We ordered food. All of it. We’re talking three charcuterie boards, four appetizers, and an audience with the chef. I don’t usually do charcuterie boards, but I’ll do these ones! Take a bread slice and get to stackin’! Cheese. Meat. Cheese and meat. Awesome cheese, too, none of those curiously-symmetrical cubes or thin strips. Cheese, meat and mustard. Cheese, meat, mustard and grapes! Maybe just grapes by themselves. More cheese. More meat. Cheese sauce. Mustard on cheese sauce. Cheese on cheese sauce. Cheese on meat, over mustard, on cheese sauce. Cheese and meat. Cheese sauce. Strawberry. I need some time to myself.
I relaxed on the couches in front of the fireplace while the gang caught up on old times. You might not know this about them, but they were quite the troublemakers back in the day. I can’t remember the name of the bar they claim to have thoroughly disturbed as youths, but that’s probably best left untold anyhow. We were at Barley John’s for quite a long time, out of traffic’s way, relaxing in New Richmond. And to think, you could be out here in less than an hour from the Twin Cities. I sank into the leather, kicked my feet up at the table, and had a nice little heart-to-heart with a pint of Oktoberfest I’d dialed up for myself.
Slow sips. Great lacing. I didn’t even set it down. The brewpub was half-full, perfect level of ambient noise, perfectly distanced away from me. Barley John’s Brewpub feels like what home ought to feel like. I rested my head against the top of my backrest, checked out the neatly-painted logo sign poised on the mantle, exhaled, and sipped slowly. I don’t remember what music was playing, which means the perfect music was playing. I was almost lifted off to Dreamland itself when —
Remember that scene in The Odyssey when Odysseus and his men are seduced by sirens for one day, but it was actually five years, and Odysseus freaks out because his ships are suddenly buried in five years of tide? Did you notice he starts trying to dig them out with a knife? Stupid, huh? This almost happened to us here, but I looked at the clock and realized we were suddenly cutting it really close.
“Just stroll on by,” said Gabby Ribbon melodically as I strolled into an empty men’s bathroom while three women stood in line outside the women’s room.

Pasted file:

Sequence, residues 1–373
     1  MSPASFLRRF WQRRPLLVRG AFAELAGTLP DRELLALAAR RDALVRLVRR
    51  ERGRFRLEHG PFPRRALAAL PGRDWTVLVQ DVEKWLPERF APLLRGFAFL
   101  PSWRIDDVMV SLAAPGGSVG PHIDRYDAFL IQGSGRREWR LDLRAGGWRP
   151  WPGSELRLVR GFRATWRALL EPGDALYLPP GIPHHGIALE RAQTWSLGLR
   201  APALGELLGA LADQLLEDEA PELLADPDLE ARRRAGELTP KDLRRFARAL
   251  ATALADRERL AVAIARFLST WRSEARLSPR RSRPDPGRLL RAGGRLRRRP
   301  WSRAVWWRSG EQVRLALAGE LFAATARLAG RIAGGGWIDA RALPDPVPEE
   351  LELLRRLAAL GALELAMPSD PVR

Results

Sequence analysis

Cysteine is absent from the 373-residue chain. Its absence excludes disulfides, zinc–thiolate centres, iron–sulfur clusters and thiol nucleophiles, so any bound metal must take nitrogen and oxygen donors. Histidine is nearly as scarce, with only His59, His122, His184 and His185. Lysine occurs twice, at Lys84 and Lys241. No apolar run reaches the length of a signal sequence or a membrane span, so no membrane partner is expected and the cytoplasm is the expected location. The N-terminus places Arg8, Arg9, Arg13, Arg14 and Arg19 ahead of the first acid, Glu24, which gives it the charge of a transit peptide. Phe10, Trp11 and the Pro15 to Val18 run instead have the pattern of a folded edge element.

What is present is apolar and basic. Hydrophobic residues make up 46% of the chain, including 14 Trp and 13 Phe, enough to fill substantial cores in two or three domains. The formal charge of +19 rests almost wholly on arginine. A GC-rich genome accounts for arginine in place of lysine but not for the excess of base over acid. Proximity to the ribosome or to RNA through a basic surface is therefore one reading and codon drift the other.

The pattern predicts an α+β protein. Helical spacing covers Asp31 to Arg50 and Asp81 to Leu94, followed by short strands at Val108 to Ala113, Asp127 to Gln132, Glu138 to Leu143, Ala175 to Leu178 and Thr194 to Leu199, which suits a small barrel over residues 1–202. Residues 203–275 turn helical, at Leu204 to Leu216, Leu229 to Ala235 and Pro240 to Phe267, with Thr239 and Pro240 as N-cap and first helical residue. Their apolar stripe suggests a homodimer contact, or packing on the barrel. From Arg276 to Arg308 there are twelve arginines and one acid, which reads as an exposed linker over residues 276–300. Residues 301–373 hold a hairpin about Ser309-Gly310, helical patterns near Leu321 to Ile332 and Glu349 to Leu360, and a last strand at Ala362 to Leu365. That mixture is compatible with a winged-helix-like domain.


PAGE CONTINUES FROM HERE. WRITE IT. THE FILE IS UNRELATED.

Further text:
“Just use the men’s,” I said. “It’s individual bathrooms. Nobody’s going to care. This ain’t North Carolina.”
She laughed and said no. I did my business, stepped back out, and a woman rushed into the men’s room behind me.
With only 30 minutes remaining before people have to go, the final eight beers were set before us.
It was another exercise in consistency for Pitchfork Brewing. If you’ve ever seen Mike Fredricksen’s setup or heard him describe his process, you know how close an eye he keeps on his product and the rigidity with which he judges it pre-market. It shows. Everything ranked either ‘good’ or ‘great.’ The gothic blood orange IPA was a pleasant surprise at the end of the journey.
“It was as if I turned my headphones on and a rap song played,” said Miss Theatre Mischief, before a sip turned into a long drink.
Drivers for panelists met us at Pitchfork, and someone must have let the cat out of the bag of our plans. When the last sample was drank dry, it was set down to a rousing applause. Seventy-five up, seventy-five down.
And the winner?
2014: Pitchfork Barn Door Brown
2015: Oliphant Mary Porter
2016: Summit Havana Pub Mojit-ale
It eked past Bad Weather’s Dark Mild by one measly point. I don’t know how often Mojit-ale will be on tap, or if it ever will again, but it’s a summery twist beer enthusiasts would enjoy while thrilling those new to the craft. The sample was argued over, and the second pint of it we ordered was barely enough to satisfy everyone.
Finally, a salute to The Gentleman’s wife and my sister-in-law, who were kind enough to drive despite how much fun we were making it look being drunk. Real American heroes.
I won’t drop any dimes on what next year’s mission will be, and what breweries it will involve, but this was the end of beer-count goals. To go any higher than 75 would just exhaust everyone. Had we not ended at such a familiar brewery, 75 might have been too many.
We’ll seek to push other limits, introduce new blood (er, suds?) into the mix, and enjoy them without the sense of urgency. Distance will be lessened. Beer lists will be lessened. I trust the experience will be heightened.